The study was conducted in an unheated single-span EW oriented greenhouse (25 × 8 m) with steel structure and polyethylene cover (thickness 0.15 mm). Plants of Euphorbia × lomi Rauh cv. ‘Serena’ were grown in plastic pots of 13 cm diameter (vol. 1 L) filled with different mixtures (v/v) of sphagnum peat and conifers wood biochar (100% peat – 0% biochar, 85% peat - 15% biochar, 70% peat - 30% biochar, 55% peat - 45% biochar, 40% peat - 60% biochar, respectively). Used biochar derived from pyrolysed (at 450 °C for 48h) trunks and branches of silver fir, larch, spruce, black pine, and Scots pine trees.

Water, macro and micronutrients were supplied to plants through a drip fertigation system (1 dripper plant-1, 2 L h-1) controlled by a computer. All plants were fed with the same nutrient solution which had the following composition (mg L-1): 180 N total (NO3+NH4), 50 P, 200 K, 120 Ca, 30 Mg, 1.2 Fe, 0.2 Cu, 0.2 Zn, 0.3 Mn, 0.2 B. The pH and the EC of the nutrient solution were maintained at 6.0 and 2.0 dS m-1, respectively.

Main chemical (pH and EC) and physical characteristics (bulk density, TPS, air and water content) of the tested substrates were analyzed according Sonneveld et al. [40] and De Boodt et al. [41], respectively. Plant growth (plant height, stem diameter, leaf area, root length, dry biomass and its allocation) and ornamental traits (number of leaves, flowers, and shoots, number of marketable plants) were monitored during the trial. Dry weight of the biomass was determined after 72h in a 100°C air-forced oven when harvested tissues reached a constant value. Leaf area (LA) was measured using a digital area meter. Leaf chlorophyll content of three randomly selected leaves of all plants in each experimental unit was measured with a chlorophyll meter and expressed as SPAD unit. Percentage of marketable plants was determined as the amount of potted plants with a high ornamental value (compact habit, presence of three open inflorescences at least, absence of leaf chlorosis, etc.) at the end of the trial (3 month-cultivation).

A completely randomized blocks design with 3 replications per treatment was used; each replication consisted of 20 plants. Collected data were subjected to one-way analysis of variance and means were compared using Duncan’s Multiple Range Test at 5% of probability by using a statistical software package.

2.3.3. Results and discussion

Addition of conifers wood biochar significantly affected chemical characteristics of the growing substrates as pH increased (from 5.7 to 7.9) with the increase of biochar content, while higher value of EC was recorded in the substrate with 100% peat (Table 6). Biochar addition also influenced physical characteristics of the growing media as bulk density increased together with the increase of biochar content (from 310 to 525 g L-1), while TPS moderately increased (from 77.5 to 90.4%) (Table 6). Air content did not significantly varied among treatments whereas water content moderately decreased (from 58.7 to 48.3%) as biochar content in the substrates increased. Vaughn et al. [50], during an experiment with wheat straw and wood biochar for peat moss replacement in soilless substrates, referred that both biochars (at rates of 5, 10, and 15%, v/v) had significantly higher pH, EC and bulk density than peat moss. Our results partially differed with those obtained from Dumroese et al. [37] who reported that pelletized wood-derived biochar used in soilless substrate performed well when substituted for peat at a rate of 25% (v/v) only, but at higher levels (50, 75 and 100% pellets) proved unsatisfactory, possibly due to high C/N ratios and bulk densities, and swelling of the substrates after the addition of water.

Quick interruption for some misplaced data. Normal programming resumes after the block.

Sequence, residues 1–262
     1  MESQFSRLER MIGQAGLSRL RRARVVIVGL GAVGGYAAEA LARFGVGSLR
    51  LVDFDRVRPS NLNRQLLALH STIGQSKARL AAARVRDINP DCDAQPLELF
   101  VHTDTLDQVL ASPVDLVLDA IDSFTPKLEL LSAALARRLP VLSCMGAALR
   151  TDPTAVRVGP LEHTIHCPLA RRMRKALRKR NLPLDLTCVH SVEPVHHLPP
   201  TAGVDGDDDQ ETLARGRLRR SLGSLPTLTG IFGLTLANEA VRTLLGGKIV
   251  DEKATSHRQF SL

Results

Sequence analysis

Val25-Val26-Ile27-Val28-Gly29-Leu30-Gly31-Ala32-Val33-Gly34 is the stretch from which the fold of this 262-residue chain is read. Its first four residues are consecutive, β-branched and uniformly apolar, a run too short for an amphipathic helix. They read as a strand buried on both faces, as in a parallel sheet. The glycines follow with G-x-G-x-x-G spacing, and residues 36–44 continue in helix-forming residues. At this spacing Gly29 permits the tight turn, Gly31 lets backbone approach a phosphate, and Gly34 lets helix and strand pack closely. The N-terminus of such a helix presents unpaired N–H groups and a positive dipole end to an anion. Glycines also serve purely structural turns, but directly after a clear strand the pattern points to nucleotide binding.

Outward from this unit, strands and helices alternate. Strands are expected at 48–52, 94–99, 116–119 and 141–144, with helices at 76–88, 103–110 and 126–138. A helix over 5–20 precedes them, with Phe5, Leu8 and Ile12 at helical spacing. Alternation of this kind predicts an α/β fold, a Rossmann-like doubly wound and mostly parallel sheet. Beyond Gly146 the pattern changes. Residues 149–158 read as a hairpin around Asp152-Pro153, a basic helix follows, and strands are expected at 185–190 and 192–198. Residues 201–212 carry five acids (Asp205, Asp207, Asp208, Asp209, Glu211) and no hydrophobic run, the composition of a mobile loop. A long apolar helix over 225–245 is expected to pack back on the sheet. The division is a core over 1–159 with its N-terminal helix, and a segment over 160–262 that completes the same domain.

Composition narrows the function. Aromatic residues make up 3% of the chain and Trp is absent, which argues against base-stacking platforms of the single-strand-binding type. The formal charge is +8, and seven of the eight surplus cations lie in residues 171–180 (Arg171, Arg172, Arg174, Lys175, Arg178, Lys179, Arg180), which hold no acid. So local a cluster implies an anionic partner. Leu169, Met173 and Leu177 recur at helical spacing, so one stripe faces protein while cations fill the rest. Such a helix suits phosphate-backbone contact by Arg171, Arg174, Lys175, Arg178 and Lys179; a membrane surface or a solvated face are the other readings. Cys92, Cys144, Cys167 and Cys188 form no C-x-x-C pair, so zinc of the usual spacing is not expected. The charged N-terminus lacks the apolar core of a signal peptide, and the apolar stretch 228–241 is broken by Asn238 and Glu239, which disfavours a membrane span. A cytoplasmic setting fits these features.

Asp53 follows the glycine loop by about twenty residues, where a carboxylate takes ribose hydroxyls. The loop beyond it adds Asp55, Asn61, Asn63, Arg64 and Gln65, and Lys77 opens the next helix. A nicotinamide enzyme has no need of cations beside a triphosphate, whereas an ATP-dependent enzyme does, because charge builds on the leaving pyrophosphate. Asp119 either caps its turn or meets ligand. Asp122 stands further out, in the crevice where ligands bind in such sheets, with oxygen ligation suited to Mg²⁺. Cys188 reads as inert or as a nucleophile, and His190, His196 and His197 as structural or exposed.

As regards Euphorbia × lomi growth, biochar content did not affect plant height, leaves and shoots production averaging 16.6 cm, 90.9 leaves plant-1 and 13.1 shoots plant-1, respectively, across all treatments (Table 7). Stem diameter was higher (18.5 mm) in plants grown with 60% biochar as well as for leaf area (1505.0 cm2). No significant differences among substrates were recorded on leaf chlorophyll content (SPAD values). Flower production and root length were influenced by biochar content of the growing media as higher values (2.6 inflorescences plant-1 and 18.1 cm, respectively) were observed in plants grown with 45% and 60% biochar (Table 7).

Biochar content of the growing substrates significantly affected biomass production and its allocation as higher dry weight of plants (26.0 g) were recorded in Euphorbia grown with lower peat percentage (Figure 3). Biochar also influenced the number of marketable potted plants obtained at the end of the trial as an increase was observed (from 24.3% to 56.7%) by increasing biochar content in the growing media (Figure 4). Results from our case-study are more encouraging than those recorded by Vaughn et al. [50] who reported that straw and wood biochar addition to peat in potted tomatoes and marigolds significantly increased plant heights in all treatments but had only a minor or even no effect on dry weights.